I am yawning as I type this. After forty weeks of pregnancy and forty-two weeks of motherhood, I am really freakin' tired. But I'm not writing about what happened in those forty first weeks, or the following forty-two. It's because of seven little minutes that I'm writing. Seven of the best or possibly worst minutes of my life.
In many ways, motherhood has matured me. I don't really get worked up about stuff anymore. I am less anal about many things. I forgive imperfections and ask that people forgive mine, as I am a lot less inclined to get things done the way I used to. I slack and I am okay with it, as long as I don't slack for a second when it comes to my kid, my husband, or my job.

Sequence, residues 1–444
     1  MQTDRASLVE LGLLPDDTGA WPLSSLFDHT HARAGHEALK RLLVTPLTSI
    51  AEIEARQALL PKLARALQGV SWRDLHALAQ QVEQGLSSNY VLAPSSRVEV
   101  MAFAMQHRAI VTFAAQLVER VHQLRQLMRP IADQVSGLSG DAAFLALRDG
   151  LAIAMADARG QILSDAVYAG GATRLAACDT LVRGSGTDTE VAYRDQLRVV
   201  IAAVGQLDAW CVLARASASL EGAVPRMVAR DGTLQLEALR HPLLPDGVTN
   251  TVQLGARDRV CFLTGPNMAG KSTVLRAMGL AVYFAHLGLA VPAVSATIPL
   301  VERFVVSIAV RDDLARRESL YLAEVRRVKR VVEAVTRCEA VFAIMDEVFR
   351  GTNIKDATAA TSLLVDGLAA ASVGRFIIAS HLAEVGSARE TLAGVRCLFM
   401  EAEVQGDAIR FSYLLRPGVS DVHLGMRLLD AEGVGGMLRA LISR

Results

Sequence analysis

In one way, though, I have not improved. When I'm tired, I have no sense of humor and I simply cannot keep anything in perspective. When I'm tired, every task seems insurmountable and I truly believe that I am the only one who does anything around here or anywhere. I am the martyr that no one helps, the lone logical person amidst a sea of crazies. If I'm not picking fights with my poor husband, I am at the very least grumbly and grouchy enough that every five minutes he feels compelled to ask me "Are you sure you're okay?" and by the fifth time, I am cranky and snarling in my head while I say as sweetly as I can muster, "No, really, I'm just tired." Sometimes I just pass right out - in midsentence at times - wherever I happen to be: on the couch, on the bus, in the glider. When that happens, we all get off easy. Other times, Johnny is not so lucky. Other times, I'm like a spoiled toddler. I have meltdowns and I pick fights. I stomp my feet, throw things, lash out at my wholly innocent husband. I embarrass us both by acting like a brat at home, and worse, in public.